2

I work in an enterprise environment on small custom applications which read data files (usually CSVs) and integrate the data into accounting software systems. I have come across a situation where there is a server with a user always logged-in and always running Outlook. This instance of Outlook has some VBA which will download e-mail attachments, as long as the sender's domain matches a pre-defined value. The file is downloaded to a folder where a .NET app is waiting to pick up files for processing.

What are the security implications / risks of this scenario?

I imagine there is some benefit to security through obscurity. Yet, what if a file that was infected was sent and downloaded? If the .NET app only reads files with a .csv extension, can infected files be a CSV? Can it execute its malicious payload by being read by an app treating it like a comma-delimited file?

Thank you for your thoughts and guidance. I am new to this particular stack exchange and welcome any corrections to etiquette.

  • 1
    Malware can simply have a csv extension. The impacts will be up to the vulnerabilities of the .net app. – schroeder Nov 22 '16 at 18:46
  • The only thing which comes to my mind with that is protecting for SQL injection. Can you expound on other vulnerabilities? – CodenameCain Nov 22 '16 at 18:49
  • 1
    It will really depend on the app. I don't even know what it does. – schroeder Nov 22 '16 at 18:53
  • Our apps will usually do one of two things. 1) organize data for direct inserts into a SQL Server database or 2) organize data into a class object and pass to an API create method. I realize this isn't much to go on, so I am interested in broader examples of what to consider. We already think about SQL injection, but I don't know what else to think about protecting against. Can malicious services be installed in this context or would the file need to be "executed" as opposed to "read"? – CodenameCain Nov 22 '16 at 19:08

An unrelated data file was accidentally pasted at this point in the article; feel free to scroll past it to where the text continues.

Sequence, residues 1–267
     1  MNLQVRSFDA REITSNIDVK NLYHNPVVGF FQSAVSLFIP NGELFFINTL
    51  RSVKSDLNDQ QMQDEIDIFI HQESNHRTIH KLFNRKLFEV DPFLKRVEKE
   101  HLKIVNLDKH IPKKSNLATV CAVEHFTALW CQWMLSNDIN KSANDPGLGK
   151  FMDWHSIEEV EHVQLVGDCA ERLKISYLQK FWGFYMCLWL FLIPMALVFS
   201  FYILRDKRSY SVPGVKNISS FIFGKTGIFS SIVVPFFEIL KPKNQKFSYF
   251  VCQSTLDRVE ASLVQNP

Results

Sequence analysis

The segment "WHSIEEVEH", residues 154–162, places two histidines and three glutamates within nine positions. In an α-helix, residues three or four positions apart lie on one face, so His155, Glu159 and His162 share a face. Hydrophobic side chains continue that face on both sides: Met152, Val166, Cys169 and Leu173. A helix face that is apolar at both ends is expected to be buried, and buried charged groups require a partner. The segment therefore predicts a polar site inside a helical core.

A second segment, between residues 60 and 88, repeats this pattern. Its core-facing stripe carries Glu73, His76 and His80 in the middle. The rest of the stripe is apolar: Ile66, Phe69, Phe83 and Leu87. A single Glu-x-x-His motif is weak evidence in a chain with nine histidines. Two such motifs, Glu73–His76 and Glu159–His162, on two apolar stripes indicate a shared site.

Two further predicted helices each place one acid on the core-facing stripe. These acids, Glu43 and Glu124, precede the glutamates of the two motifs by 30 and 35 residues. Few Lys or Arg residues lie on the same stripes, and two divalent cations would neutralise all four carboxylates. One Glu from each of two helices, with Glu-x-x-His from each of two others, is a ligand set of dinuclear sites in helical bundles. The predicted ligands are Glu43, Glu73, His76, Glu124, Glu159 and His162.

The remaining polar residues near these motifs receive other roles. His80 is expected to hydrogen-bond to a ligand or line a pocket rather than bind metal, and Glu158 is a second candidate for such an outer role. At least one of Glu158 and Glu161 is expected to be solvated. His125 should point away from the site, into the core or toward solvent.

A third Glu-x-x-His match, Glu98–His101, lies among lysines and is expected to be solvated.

1

You could check the PE header of the file to ensure its actually text/csv as expected. There's a project called Mime Detective for .net that will do this for you. You could also hook into an antivirus and scan the file first if your mail service isn't doing that anyway.

Depending how you verify the sender of the mail, there is a potential of the sender address being spoofed.

If malicious content concerns you could check for sql with in the file, assuming it doesn't naturally contain keywords you could scan for those.

  • 1
    Text files don't have PE headers. Instead of "check the PE header of the file" did you mean "check if the file has a PE header"? – Ben Voigt Dec 15 '16 at 16:18
  • No, but perhaps I didn't quite mean PE either as that is portable executable. My intention was to say check the signature / magic number of the file which can reveal the file's type. there's a listof the magic bytes here on wiki en.wikipedia.org/wiki/List_of_file_signatures – iainpb Dec 16 '16 at 9:51
  • Text files don't start with a signature or magic number, either. Perhaps you meant to talk about a (purely optional) byte-order mark (Unicode U+FFFE, encoded using the file's character encoding)? – Ben Voigt Dec 19 '16 at 15:38
1

There is no basis for "security through obscurity", it just doesn't work. Get that out of your mind right now.

So, to answer some questions, is the .NET app just looking for an extension? Header? How does it determine the file it's loading is a CSV, that's the big one. If you just grab any file put into the folder and assume it's CSV, there are some big issues. If you're just looking for a .CSV extension, I can put .CSV at the end of any file I've created and you'd pick it up, leading to reading a virus into memory. Code could cause SQL injection if not protected against, or just plain crash the app, cause it to hang and stop processing files, crash the server by ballooning the memory, any number of things to disrupt business operations.

I think the biggest danger here is you have a VBA script downloading files onto a server automatically. That's just asking for viruses, plain and simple. The fact that it's from a certain domain doesn't protect anything, spoofing email is stupidly easy and is equal or greater risk in my opinion than your .NET app processing CSV files.

Your Answer

By clicking “Post Your Answer”, you agree to our terms of service, privacy policy and cookie policy

Not the answer you're looking for? Browse other questions tagged or ask your own question.